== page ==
The point of this blog post though isn’t to answer the question of whether or not barefoot running is better, but if minimalist shoe running is bio-mechanically equivalent to running barefoot. According to
Running in a minimalist and lightweight shoe is not the same as running barefoot: a biomechanical study:

CONCLUSIONS:

Barefoot running was different to all shod conditions. Barefoot running changes the amount of work done at the knee and ankle joints and this may have therapeutic and performance implications for runners.

So it looks like minimalist shoe running is not the same as barefoot running, at least when it comes to bio-mechanics. As for me, I’ve never tried barefoot running for more than a few miles. The most common arguments for it are unpersuasive to me since they are almost always based on a very common logical fallacy I’m a bit tired of: The naturalistic fallacy – “it’s more natural, therefore it’s better!”. I did a post on this fallacy a while back: Radioactive Brazil nuts and the naturalistic fallacy

I will of course continue to look into this and I hope more good research is done on the bigger question of barefoot running, rather than how minimalist shoes compare with it. I may try doing it occasionally if I have the time, just as an experiment, even though I find the arguments for it unpersuasive at best.

Have you tried barefoot running or running in minimalist shoes? Have you experienced any benefits from it?

Radioactive Brazil nuts and the naturalistic fallacy

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Brazil nuts. Source: Wikipedia

Believe it or not, just about all the food we consume has tiny amounts of radioactivity. Some foods contain more than others. While a small amount of it is due to nuclear fallout and industrial pollution, most of it is naturally occurring, since radioactivity is a natural phenomenon.

Brazil nuts by far are the most radioactive of all food. According to Wikipedia:

Brazil nuts contain small amounts of radium. Although the amount of radium, a radioactive element, is very small, about 1–7 pCi/g (40–260 Bq/kg), and most of it is not retained by the body, this is 1,000 times higher than in other foods. According to Oak Ridge Associated Universities, this is not because of elevated levels of radium in the soil, but due to “the very extensive root system of the tree”.

Even though Brazil nuts are a lot more radioactive compared to most foods(due to its deep, extensive roots), this doesn’t mean we should avoid them. The amount is way too small to have any permanent effects. This radioactivity in Brazil nuts is naturally occurring, not due to nuclear fallout.

Brazil nuts are an excellent source of selenium, an important mineral that some preliminary studies suggest may help prevent cancer, among other things. Fortunately, selenium deficiency is rare in most developed countries.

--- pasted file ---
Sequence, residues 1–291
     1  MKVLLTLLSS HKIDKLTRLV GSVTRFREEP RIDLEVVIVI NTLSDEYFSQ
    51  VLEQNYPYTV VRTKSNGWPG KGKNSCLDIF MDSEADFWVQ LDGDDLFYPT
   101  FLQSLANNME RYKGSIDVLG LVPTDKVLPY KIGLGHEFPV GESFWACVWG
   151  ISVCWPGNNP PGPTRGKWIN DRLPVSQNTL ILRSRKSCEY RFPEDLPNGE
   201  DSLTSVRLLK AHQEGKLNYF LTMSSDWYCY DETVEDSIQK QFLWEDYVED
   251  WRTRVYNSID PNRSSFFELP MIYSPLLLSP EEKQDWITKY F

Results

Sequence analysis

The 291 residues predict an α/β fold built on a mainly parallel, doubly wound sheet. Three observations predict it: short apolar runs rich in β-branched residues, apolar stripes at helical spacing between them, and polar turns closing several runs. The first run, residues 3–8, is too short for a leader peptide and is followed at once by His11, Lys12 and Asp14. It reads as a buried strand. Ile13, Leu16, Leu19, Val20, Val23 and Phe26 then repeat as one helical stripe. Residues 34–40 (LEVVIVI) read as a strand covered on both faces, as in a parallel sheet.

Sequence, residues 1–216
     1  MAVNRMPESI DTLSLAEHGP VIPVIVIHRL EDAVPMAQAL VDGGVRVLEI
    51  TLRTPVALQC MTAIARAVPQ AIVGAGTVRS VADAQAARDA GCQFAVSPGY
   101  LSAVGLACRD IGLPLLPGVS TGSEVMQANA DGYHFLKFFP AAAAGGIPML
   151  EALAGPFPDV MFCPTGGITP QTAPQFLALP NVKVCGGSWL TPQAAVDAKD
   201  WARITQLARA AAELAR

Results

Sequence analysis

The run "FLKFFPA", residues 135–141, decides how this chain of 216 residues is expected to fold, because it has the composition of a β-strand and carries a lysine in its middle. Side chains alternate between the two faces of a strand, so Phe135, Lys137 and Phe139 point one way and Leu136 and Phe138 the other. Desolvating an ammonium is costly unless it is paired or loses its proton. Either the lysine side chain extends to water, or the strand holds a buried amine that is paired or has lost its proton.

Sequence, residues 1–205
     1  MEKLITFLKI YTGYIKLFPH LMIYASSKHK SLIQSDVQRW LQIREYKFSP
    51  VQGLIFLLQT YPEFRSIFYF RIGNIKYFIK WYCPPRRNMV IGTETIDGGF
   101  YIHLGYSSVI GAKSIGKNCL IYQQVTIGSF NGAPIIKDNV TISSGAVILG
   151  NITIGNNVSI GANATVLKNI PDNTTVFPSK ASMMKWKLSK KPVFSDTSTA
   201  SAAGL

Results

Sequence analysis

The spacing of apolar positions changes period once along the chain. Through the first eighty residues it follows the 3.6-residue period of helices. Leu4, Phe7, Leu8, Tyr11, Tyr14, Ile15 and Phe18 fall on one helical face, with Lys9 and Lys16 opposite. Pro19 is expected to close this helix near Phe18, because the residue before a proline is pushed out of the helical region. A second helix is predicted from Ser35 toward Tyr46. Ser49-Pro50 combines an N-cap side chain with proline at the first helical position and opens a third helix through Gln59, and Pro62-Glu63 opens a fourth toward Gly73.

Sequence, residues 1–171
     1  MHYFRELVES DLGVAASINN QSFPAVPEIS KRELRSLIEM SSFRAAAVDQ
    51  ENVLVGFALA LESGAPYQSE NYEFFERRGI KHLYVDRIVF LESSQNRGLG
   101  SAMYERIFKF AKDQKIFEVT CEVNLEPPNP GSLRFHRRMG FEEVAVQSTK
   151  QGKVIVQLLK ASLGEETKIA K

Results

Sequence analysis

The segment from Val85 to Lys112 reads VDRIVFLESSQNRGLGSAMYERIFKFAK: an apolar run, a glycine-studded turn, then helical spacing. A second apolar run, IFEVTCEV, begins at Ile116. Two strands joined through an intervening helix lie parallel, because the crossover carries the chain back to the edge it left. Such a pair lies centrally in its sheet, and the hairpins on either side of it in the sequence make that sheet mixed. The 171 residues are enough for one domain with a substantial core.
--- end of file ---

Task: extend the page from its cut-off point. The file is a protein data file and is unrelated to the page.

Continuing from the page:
I think this also goes to show that eating “natural” doesn’t mean you are somehow avoiding very toxic substances. Radiation is perfectly natural, and so are lead and mercury, which are also present in trace amounts in the food and water supply. Luckily, these toxins tend to get quickly removed by the body.

While eating healthy usually means eating more “natural”(less processed foods, more whole/unprocessed foods), many health-nuts take this to extremes and buy into some form of the “naturalistic fallacy” to justify their dietary habits. This is especially true of people who follow a rawfood vegan diet, and also the followers of “paleo” diets.

At its most basic, the naturalistic fallacy means equating “natural” with being inherently good, safe, or desirable, while something “unnatural” is seen as inherently bad, or undesirable. Ask a rawfoodist to explain why they believe their diet is so much better compared to the way most people eat, and their answer ultimately boils down to: “It is more natural”. Cooked food is “unnatural”(what other animals cook their food?), so cooked food is bad; food in its raw, “natural” state is good.

This doesn’t mean there is no truth to the arguments in favor of eating raw. For instance, it is true that many nutrients are destroyed while cooking at high temperatures. On the other hand, many other nutrients are less bio-available in raw foods. It must also be noted that cooking helps destroy many anti-nutrients like oxalates or phytates that can interfere with the absorption of important minerals like iron(this is why raw spinach with its high oxalate content is a poor source of calcium and iron). This explains why you can’t eat beans raw(of course you can try to do it, but I wouldn’t advise it). While some foods like salad greens, nuts, and fruit are best eaten raw, many other foods, like legumes and grains have to be cooked.

While we should minimize our consumption of processed foods, and of both natural and synthetic toxins, we shouldn’t go overboard and panic if we discover something contains trace amounts of a toxic substance. Similarly, we shouldn’t demonize something just because it may contain something that is “unnatural”. Dogmatic black and white thinking is not helpful when it comes to healthy eating.

References:

Radioactivity in nature